VA touts success moving big, mission-critical systems to enterprise cloud

The department decided early on to move one of its most critical systems over to the commercial cloud to realize the benefits as soon as possible.
VA, Department of Veterans Affairs
(Getty Images)

Often, cloud newcomers are advised to take migration slow and start small. But the Department of Veterans Affairs has seen success in doing the opposite.

After launching the Enterprise Cloud Management Office in 2018, the VA decided early on to move one of its most critical systems over to the commercial cloud to realize the benefits as soon as possible, David Catanoso, head of that office, said Wednesday at the 2019 Amazon Web Services re:Invent conference in Las Vegas.

“Most people, when you start your cloud migration journey, will tell you to start small, gain experience,” Catanoso said. “We took a completely different approach moving one of our biggest, most critical systems to the cloud very early.”

That system is the Veterans Benefits Management System, which operates 24/7 and manages more than 800 million veterans benefits-related documents. Catanoso said the system “was starting to see performance and reliability issues in its legacy hosting environment, and not only that, but it was also running out of space to add storage devices to store all those documents.”


The VA couldn’t afford to wait to start small and learn, he said. The challenge, though, was “how do we move a system that complex without disrupting service to our veterans and the users that use it?”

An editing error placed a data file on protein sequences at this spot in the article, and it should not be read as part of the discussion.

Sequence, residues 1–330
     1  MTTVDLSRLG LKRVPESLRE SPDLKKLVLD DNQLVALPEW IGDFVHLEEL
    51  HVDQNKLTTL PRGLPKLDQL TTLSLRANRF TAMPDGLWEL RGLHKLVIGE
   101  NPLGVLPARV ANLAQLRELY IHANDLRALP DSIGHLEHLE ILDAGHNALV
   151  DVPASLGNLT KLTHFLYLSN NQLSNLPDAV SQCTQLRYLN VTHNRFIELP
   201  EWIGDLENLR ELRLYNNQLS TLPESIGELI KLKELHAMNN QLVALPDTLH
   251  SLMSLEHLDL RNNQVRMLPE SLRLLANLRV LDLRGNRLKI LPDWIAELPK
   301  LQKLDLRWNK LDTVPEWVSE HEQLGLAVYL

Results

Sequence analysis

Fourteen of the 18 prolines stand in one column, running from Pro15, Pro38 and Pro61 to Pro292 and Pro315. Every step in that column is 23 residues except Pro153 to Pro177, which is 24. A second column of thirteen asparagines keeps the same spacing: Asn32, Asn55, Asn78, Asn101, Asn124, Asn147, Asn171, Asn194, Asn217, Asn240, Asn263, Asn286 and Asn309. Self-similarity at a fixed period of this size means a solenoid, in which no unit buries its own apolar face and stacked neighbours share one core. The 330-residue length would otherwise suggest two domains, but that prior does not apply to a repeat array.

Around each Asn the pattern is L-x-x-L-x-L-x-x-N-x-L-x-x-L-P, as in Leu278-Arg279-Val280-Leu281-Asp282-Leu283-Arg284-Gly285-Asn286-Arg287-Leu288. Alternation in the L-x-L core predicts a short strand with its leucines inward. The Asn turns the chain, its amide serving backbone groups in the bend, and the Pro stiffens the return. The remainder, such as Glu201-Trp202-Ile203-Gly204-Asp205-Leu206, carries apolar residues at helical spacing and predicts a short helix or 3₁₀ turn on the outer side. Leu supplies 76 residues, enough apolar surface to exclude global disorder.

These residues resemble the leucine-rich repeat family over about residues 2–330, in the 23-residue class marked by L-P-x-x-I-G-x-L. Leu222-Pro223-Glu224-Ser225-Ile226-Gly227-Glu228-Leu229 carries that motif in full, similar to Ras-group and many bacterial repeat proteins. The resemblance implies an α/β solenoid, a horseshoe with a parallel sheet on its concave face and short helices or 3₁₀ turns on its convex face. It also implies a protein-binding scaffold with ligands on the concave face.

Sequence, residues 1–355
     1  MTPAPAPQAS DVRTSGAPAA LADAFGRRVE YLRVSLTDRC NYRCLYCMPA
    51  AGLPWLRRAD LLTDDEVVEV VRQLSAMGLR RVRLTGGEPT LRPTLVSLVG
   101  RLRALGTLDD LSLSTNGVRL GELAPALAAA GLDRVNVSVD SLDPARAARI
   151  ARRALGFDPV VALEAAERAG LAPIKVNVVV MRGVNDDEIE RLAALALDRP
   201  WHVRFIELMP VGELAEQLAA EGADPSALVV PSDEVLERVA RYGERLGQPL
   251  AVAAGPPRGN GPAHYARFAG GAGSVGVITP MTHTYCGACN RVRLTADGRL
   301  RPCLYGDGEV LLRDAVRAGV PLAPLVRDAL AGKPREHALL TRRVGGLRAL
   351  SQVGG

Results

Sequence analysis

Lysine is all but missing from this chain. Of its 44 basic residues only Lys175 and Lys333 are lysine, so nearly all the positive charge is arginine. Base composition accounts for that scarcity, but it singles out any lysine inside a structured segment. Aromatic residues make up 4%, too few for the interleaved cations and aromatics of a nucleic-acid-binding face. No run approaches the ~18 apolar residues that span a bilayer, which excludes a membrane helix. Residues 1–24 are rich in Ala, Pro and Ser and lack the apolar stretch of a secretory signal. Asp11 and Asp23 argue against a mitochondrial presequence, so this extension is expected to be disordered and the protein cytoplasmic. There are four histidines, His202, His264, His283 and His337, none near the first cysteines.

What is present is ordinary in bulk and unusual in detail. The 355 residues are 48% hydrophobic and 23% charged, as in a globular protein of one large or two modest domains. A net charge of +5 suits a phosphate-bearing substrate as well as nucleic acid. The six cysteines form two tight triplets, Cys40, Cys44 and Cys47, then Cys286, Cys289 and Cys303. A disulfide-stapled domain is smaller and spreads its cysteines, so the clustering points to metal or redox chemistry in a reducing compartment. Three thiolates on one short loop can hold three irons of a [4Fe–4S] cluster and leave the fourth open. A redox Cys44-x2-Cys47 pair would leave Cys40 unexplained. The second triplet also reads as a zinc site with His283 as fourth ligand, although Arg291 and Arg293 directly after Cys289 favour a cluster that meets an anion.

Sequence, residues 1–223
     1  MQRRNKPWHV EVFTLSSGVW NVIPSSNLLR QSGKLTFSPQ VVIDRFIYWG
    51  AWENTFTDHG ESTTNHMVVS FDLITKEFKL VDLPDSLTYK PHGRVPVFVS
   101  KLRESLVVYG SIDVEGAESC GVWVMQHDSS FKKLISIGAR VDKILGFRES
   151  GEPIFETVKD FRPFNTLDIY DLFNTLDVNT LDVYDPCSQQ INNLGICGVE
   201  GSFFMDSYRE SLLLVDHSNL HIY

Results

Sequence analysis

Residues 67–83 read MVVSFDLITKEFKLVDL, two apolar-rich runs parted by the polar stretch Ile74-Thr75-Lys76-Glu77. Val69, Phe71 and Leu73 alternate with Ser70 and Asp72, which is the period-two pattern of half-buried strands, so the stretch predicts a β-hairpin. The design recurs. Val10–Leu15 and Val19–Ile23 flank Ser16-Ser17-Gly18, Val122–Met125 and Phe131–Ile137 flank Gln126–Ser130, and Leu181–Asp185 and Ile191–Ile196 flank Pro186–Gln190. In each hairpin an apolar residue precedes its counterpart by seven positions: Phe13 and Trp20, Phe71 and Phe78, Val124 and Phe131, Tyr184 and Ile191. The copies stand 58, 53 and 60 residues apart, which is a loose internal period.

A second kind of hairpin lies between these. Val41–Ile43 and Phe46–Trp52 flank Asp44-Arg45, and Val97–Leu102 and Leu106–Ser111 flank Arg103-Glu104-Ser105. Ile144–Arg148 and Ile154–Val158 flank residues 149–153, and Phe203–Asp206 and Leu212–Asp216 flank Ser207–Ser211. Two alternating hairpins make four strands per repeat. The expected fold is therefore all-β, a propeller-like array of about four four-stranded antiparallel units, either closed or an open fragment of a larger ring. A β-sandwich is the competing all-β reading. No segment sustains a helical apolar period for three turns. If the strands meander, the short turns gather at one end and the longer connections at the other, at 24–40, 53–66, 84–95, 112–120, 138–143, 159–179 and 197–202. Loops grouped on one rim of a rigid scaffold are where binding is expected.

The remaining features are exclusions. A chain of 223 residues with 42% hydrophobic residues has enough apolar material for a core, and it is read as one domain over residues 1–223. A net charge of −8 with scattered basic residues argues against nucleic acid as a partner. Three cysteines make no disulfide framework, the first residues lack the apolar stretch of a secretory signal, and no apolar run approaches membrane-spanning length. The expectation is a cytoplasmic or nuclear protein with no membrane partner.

Catanoso credits AWS services like S3 (Simple Storage Service), Snowball and EC2 (Elastic Cloud Compute) for the quick move away from its proprietary systems. “And we did all that in 8 months,” he said. VA’s enterprise cloud is a hybrid environment with Microsoft Azure services and its own private enclaves as well.

The result was VA benefits personnel were able to trim download speeds of large documents to less than a minute, whereas it used to be more than triple that. “That just gave a huge performance boost to those folks that are working every day and downloading documents” and processing benefits, Catanoso said. “So it was a huge win. And not only did we get better performance, we got all the cost benefits of being in the cloud, the reliability, the disaster recovery. It’s been a really huge success story for us.”

Now VA is looking to move more and more of its applications over to this cloud environment. The department so far has moved 60 applications to its enterprise cloud to operate more than 3,000 virtual machines and store and manage 6 petabytes of data.

Since moving VBMS to the cloud, VA has moved other high-profile systems there as well, including its new MISSION Act tools, “which enable veterans to get health care not only from the VA but from out in the community,” Catanoso said, and the department’s legacy electronic health record, the Veterans Information Systems and Technology Architecture, which it will operate until fully migrated to a more modern health system over the next decade.

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